“Jason Walker needs to find a way back to Lyrian. Rachel remains stranded there, and Jason has precious information that the friends he left behind must learn in order to have any hope of surviving and defeating the evil emperor Maldor.
When he finally succeeds in returning to the strange and imperiled world, Jason immediately finds himself in more danger than ever as the most wanted fugitive on the continent. Meanwhile, Rachel has begun to discover new abilities of her own that may prove vital against Maldor’s tyranny.
In the aftermath of a failed quest, a new mission arises–to assemble the remaining heroes of Lyrian. Can the necessary allies be convinced before the emperor crushes the young uprising? Jason, Rachel, and their band of battered heroes will face new enemies and demanding obstacles as they strive to launch a desperate rebellion.”
Look, I know “to assemble the remaing heroes of Lyrian” sounds better than “to assemble the remaining unconquered people of Lyrian,” but talk about misleading information! Number one, the first book of the Beyonders trilogy is entitled A World Without Heroes. Meaning there are no heroes left, save for Jason and Rachel who come from the Beyond. Number two, even within the book itself, there are no “battered heroes,” just a group of unlikely individuals who have to band together for a common goal.
Sure, we can argue that Galloran, the Blind King, is a hero. And almost all of the characters we meet have heroic qualities–to a fault, actually. But to call them “a band of battered heroes” is too much, I think.
That said, I didn’t enjoy this second book as much as I did the first one. The characters have a tendency to sound the same, and the new parts of Lyrian that our protagonists are exploring doesn’t seem all that original. Which is odd, because I thought the first book had a good handle on originality–and on separating the characters.
To be clear, none of the characters are the same. They all have their own personalities. My only problem with them is how they talk. If you pull a quote from the book, you would have no inkling as to which character could have said it. There were no “we could all have been killed – or worse, expelled” dialogue in this particular book. Or in the series, for that matter.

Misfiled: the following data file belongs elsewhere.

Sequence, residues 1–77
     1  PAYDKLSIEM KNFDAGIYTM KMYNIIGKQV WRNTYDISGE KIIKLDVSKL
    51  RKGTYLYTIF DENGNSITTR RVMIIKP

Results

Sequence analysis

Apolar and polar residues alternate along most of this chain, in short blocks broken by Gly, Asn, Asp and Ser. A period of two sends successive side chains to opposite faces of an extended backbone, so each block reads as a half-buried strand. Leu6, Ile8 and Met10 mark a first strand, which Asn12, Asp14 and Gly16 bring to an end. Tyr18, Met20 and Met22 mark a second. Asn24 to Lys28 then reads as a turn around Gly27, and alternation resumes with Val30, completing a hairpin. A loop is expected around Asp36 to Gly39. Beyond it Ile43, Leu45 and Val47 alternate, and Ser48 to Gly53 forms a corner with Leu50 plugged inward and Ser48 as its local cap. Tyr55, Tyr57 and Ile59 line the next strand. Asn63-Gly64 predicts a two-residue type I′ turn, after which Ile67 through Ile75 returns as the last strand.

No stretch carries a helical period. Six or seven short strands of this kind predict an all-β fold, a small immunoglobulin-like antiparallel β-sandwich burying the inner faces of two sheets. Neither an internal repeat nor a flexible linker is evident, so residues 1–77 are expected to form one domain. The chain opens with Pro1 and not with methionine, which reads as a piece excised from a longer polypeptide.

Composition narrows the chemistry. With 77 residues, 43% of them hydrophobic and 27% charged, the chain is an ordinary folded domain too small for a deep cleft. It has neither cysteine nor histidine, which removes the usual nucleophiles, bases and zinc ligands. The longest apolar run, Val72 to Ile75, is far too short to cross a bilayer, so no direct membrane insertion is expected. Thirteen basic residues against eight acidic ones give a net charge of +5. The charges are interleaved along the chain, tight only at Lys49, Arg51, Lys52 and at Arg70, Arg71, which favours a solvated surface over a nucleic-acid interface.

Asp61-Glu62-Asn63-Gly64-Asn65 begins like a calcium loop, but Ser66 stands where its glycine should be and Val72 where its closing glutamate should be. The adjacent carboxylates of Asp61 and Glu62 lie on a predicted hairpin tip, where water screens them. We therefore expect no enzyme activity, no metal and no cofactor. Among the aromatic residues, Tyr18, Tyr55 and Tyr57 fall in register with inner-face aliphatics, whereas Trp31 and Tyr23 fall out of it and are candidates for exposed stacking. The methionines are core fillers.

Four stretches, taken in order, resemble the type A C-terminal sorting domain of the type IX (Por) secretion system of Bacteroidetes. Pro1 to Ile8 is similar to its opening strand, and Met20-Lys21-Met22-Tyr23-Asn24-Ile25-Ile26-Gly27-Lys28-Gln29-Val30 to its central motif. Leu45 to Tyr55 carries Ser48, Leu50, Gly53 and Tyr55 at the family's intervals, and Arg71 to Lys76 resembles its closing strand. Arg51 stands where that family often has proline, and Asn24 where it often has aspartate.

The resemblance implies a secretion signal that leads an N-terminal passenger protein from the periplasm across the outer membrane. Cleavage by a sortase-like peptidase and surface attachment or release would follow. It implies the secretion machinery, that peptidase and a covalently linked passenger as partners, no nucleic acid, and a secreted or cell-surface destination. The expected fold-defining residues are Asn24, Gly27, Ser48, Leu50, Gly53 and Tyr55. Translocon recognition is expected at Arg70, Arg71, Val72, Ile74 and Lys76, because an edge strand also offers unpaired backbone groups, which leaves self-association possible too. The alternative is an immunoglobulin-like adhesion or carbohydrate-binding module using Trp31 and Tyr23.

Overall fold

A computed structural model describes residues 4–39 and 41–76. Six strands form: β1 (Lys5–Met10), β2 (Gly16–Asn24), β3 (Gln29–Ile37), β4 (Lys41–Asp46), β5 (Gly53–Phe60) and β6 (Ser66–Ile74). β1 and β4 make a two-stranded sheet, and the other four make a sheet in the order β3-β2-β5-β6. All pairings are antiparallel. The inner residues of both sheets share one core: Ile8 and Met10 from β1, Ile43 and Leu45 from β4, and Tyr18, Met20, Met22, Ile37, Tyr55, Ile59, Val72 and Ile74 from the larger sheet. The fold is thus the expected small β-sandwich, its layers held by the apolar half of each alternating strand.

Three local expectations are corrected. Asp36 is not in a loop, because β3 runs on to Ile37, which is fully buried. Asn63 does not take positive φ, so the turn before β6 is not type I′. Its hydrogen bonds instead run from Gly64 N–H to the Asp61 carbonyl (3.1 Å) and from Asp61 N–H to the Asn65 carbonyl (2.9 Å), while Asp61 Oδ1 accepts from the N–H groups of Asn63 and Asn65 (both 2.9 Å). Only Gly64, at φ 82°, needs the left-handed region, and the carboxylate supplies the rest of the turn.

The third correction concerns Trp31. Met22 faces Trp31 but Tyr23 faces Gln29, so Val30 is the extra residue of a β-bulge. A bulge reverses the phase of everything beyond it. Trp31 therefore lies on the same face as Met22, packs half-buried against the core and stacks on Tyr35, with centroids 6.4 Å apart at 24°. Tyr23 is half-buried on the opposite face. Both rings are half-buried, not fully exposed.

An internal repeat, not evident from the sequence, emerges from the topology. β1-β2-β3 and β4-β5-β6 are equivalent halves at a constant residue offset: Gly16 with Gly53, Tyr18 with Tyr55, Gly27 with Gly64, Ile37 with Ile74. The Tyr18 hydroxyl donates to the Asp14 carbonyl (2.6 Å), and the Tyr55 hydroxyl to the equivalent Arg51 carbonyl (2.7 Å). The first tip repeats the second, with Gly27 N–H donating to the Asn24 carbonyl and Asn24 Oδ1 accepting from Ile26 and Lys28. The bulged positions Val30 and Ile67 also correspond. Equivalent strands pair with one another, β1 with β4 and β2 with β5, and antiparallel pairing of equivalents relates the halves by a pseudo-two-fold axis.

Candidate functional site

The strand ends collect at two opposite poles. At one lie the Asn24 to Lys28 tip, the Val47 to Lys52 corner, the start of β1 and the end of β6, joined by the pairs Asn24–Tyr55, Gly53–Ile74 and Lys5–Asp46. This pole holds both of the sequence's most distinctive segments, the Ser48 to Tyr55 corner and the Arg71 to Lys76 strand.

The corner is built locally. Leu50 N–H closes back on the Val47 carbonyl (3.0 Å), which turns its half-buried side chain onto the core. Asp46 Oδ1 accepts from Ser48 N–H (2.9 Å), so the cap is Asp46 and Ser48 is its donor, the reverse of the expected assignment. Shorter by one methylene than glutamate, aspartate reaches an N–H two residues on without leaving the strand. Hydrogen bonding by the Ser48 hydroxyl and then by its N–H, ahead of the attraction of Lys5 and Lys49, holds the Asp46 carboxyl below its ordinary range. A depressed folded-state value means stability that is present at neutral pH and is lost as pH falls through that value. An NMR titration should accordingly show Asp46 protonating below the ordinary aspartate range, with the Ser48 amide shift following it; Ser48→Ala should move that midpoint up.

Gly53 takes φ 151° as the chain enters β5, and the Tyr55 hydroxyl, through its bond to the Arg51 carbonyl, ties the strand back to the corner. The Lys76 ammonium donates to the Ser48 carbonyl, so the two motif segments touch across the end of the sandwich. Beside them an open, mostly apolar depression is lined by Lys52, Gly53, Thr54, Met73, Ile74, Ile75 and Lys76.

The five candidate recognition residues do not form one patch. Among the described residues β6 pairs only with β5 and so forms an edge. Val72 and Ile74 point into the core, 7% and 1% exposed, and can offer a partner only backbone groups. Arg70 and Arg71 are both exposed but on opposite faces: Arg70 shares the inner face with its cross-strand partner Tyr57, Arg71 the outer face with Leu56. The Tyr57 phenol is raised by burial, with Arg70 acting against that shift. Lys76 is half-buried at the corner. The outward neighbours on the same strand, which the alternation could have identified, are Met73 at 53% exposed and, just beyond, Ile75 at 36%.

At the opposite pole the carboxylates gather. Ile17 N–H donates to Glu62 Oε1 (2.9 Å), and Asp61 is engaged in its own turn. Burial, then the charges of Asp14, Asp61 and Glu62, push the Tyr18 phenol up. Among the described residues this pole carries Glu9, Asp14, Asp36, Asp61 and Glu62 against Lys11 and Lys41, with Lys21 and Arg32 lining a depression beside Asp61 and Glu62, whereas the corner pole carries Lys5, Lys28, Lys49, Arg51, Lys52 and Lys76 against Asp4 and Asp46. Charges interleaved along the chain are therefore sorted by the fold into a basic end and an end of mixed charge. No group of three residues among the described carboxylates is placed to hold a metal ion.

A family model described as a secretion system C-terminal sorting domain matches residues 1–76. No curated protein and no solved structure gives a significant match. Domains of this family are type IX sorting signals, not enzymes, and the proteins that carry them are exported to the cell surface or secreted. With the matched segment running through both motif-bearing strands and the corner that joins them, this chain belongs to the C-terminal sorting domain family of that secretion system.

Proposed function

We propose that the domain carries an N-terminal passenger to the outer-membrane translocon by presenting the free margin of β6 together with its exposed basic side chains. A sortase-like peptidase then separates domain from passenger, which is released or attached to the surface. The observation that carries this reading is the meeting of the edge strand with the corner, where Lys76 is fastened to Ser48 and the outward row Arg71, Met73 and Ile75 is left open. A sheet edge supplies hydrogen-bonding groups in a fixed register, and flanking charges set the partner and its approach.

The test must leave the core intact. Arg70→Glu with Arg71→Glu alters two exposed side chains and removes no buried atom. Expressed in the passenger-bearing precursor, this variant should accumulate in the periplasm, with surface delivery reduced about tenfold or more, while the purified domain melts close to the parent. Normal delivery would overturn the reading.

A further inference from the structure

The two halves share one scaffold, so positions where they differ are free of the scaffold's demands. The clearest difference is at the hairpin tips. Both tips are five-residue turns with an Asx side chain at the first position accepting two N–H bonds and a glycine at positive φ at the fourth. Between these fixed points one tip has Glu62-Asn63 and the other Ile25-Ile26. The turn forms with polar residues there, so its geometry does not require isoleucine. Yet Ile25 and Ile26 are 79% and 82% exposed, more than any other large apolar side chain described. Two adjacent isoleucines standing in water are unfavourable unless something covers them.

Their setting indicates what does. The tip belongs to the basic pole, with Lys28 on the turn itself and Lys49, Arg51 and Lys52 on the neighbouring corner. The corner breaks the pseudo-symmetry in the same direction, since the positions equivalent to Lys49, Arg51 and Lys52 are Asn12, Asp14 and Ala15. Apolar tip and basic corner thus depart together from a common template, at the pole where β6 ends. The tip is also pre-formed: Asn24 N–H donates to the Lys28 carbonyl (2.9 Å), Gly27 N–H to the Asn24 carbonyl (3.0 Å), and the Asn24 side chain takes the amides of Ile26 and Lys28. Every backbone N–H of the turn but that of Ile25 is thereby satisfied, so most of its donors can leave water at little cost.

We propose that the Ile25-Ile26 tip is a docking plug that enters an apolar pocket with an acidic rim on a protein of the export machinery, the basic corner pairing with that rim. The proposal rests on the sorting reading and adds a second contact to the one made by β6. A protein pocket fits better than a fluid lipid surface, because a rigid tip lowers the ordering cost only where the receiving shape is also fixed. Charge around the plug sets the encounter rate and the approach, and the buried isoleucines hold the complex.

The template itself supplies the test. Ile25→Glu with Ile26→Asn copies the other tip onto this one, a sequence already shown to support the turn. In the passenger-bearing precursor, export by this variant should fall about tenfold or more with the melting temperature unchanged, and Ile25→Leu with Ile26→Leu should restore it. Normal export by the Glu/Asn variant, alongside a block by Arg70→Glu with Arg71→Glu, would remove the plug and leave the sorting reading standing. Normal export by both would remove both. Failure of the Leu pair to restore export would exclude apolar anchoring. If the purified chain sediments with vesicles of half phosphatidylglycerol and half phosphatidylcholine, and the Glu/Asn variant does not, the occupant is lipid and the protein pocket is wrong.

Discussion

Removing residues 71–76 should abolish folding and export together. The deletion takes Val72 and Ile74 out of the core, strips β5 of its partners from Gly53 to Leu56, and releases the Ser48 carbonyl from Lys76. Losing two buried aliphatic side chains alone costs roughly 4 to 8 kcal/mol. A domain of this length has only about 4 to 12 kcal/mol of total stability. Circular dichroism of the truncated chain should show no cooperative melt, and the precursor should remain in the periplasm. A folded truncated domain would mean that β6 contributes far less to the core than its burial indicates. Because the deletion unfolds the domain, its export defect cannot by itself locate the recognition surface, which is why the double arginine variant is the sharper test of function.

And I’m not talking about having memorable lines, just to clear that up. I’m talking about distinct dialogue that you can attribute to a single character. Jason, Drake, Ferrin and the Blind King have a tendency to have the same manner of speaking. The only thing that sets Jason apart from the three are the doubts (which Ferrin also exhibits in one of the chapters), and the our-universe lingo that Rachel–and even Nia–employs. The only thing that sets Corinne apart from Rachel is the fact that she’s seeing everything for the first time–and even those dialogue echo the ones Rachel exhibited in the first book. And let’s not even start on the seedpeople. The only one whose dialogue is really distinct from the others is Nollin–and that’s because he’s the only coward in the group.
Which, brings me to my next problem with the book. Inconsistency of character. Nollin is the perfect example, actually. He’s set up as a former chief military advisor of the seedpeople, and yet he’s played off as a cowardly comic relief during the adventures. The seedpeople are characterized to be very smart people, and the author does a good job setting up the opposing views on war with a lot of smart arguments from both sides in one of the chapters. If Nollin is as comically cowardly as he is characterized, how in the world was he allowed to be a military advisor? And if the author didn’t intend for Nollin to be comically cowardly–why did he come off as such?
Seeds of Rebellion is a good adventure book: the action scenes are solid, the journeys are well-plotted, and it doesn’t forget the events of the first book. But as far as young adult fiction go, it’s definitely not one of the best. Character is key, and none of the characters seem to be lovable, or at the least, relatable. Quite a far fall from the first novel where you were rooting for both Jason and Rachel to succeed, so they could go back home.
I still plan on reading the last book from the trilogy though. Out of goodwill for the first Beyonders novel. I’m hoping the third book would be more like A World Without Heroes and less like Seeds of Rebellion.
Still, these are just my thoughts on the book. Other people have also given their views, and it also helps to seek other opinions on things. So check these reviews on Seeds of Rebellion out:
Guys Lit Wire
Books for YAs